Now try: BROADENING YOUR CIRCLE OF FRIENDS
It was always exciting to meet new classmates, and school made it easy to grow those relationships in school plays, sports teams and recess. “As kids, we’re always growing and socializing, but as adults, that evolution can stall if we don’t purposely support it,” says Amy Johnson, Ph.D., a social psychologist in Chicago. Bringing people into our lives exposes us to new ideas. Friends also stave off loneliness and offer support and advice (and new friends often offer a fresh take on stuff you’ve been analyzing with your old pals for years). No wonder studies show that having friends helps fight the blues, inhibit chronic disease and increase longevity and late-life mental acuity.
Research suggests we “catch” the moods of others, so bolstering our social circle with new faces also directly affects our happiness, generosity and kindness, says Caroline Adams Miller, MAPP, author of Creating Your Best Life (Sterling). She notes that the best time to meet new pals is when you’re feeling upbeat, optimistic and inspired. To that end, Miller suggests figuring out when you shine, and then finding groups and settings that let you do this. “You’ll naturally attract like-minded people to you when you’re at your happiest and most authentic,” says Miller. Concerts, yoga retreats and knitting stores all tap specific interests and offer a chance to connect.
To build a bond, Johnson says you should first get over preconceived notions of how friends should act, and replace them with stuff known to make relationships strong—things like listening and talking. A 2010 University of Michigan study found that talking to other people, the way you do when making friends, can also improve memory, self-monitoring and the ability to suppress external and internal distractions—all of which are essential in solving common life problems.
If you loved: BACK-TO-SCHOOL SHOPPING FOR THE LATEST LOOKS
Now try: SPRUCING UP YOUR WARDROBE WITH KEY ORGANIC PIECES
The annual September trip to the mall to buy a few special outfits— including a cool look for the first day of school—is a childhood memory most of us share. Now, we tend to buy clothes as we need (or want!) them. But style experts agree that no matter how often or infrequently you go shopping, fall is a great time to take stock—and do a little revamp if necessary. This season, multifunctional designs (think: drawstrings and reversibility), transitional looks and easycare sustainable garments that help reduce excess energy and water consumption and eliminate toxic dry cleaning are popular trends.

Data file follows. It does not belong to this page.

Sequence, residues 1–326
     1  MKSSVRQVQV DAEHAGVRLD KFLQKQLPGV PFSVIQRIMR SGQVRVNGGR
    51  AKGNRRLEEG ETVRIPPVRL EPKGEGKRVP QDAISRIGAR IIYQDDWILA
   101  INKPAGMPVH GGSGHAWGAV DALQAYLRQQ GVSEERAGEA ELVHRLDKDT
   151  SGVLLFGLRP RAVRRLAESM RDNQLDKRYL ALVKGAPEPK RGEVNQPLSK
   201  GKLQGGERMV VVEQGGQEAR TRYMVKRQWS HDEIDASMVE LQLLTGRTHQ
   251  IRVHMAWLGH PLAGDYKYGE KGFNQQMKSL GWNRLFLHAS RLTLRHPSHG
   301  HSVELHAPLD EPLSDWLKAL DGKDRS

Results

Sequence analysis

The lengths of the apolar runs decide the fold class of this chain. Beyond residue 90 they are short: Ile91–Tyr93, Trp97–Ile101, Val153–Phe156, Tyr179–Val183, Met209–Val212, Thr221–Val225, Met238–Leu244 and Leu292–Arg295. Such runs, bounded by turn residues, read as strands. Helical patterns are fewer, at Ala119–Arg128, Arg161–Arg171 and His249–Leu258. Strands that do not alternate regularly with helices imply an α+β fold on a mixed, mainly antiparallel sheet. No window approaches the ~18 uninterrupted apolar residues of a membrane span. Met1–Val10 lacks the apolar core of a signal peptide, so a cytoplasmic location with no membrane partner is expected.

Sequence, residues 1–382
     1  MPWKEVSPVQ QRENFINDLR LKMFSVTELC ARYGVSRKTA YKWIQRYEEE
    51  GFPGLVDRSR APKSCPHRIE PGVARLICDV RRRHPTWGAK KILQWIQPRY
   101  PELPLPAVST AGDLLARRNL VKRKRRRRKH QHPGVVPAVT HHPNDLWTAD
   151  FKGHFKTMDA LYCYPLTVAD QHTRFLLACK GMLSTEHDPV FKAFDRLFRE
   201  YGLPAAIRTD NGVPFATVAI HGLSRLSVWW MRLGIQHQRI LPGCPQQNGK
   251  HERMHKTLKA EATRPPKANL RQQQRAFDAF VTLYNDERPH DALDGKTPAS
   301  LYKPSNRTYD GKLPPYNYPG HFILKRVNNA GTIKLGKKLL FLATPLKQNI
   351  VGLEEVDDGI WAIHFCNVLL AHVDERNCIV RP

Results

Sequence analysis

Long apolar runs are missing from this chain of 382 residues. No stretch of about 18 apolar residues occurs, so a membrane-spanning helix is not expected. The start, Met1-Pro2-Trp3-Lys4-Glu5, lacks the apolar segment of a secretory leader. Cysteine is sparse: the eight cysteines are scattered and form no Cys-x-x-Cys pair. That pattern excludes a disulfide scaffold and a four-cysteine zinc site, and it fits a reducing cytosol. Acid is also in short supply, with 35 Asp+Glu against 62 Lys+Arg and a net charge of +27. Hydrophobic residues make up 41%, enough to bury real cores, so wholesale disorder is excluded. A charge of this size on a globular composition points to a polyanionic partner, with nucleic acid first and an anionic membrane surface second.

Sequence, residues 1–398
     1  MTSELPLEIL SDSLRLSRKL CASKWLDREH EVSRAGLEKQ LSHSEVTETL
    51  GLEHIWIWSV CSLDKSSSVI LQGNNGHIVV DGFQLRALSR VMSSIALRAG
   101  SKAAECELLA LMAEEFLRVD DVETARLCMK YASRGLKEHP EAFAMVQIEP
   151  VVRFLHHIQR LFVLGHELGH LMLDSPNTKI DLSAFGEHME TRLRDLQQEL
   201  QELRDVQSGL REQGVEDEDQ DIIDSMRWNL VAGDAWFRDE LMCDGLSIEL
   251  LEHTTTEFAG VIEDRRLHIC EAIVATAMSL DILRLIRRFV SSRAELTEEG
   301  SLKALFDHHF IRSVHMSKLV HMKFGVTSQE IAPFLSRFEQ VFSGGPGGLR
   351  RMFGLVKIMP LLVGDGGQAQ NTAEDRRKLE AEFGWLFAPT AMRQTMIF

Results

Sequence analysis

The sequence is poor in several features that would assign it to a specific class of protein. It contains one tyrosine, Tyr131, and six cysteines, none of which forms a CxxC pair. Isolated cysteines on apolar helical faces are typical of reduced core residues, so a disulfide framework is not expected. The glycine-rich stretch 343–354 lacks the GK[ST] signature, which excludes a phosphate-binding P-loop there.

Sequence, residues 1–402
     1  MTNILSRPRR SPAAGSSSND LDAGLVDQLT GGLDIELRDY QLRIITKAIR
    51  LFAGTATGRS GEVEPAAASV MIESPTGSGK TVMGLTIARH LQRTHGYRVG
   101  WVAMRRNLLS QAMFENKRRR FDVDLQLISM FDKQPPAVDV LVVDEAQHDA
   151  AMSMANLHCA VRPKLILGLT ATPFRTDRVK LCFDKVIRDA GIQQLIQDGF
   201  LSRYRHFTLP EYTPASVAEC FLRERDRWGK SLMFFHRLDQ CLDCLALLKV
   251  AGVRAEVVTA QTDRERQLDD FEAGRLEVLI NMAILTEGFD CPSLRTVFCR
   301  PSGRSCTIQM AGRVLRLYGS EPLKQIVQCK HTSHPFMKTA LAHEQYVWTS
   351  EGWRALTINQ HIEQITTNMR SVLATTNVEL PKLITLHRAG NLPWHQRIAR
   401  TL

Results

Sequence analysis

When shopping organic, it’s more essential for some fabrics to boast the eco-friendly label than others. “Organic cotton is most important, because cotton crops are normally cultivated with harmful herbicides, pesticides and toxic petro-chemical fertilizers,” says Howard Brown, co-founder of Stewart + Brown, a sustainable fashion line. Hemp or linen, however, is not a certified organic fiber because it’s naturally resilient and grown without the aid of herbicides and pesticides. Because few of us choose to stock our entire wardrobe with organic clothes, opt for organic fabrics for items that will be worn close to the skin (such as camisoles, T-shirts and jeans). Another health-friendly detail: Look for brands that pre-wash their clothes to eliminate harmful contaminants and allergens, such as chlorine and formaldehyde, which may be used in the dyeing process.
Finally, opt for eco-conscious brands if you want to know that farmers, workers and the environment aren’t exposed to toxic chemicals during the creation of your clothing and that the companies are part of the solution in creating a healthy world for children and future generations. “It feels good to know nothing was harmed or exploited to produce your clothing,” says Brown.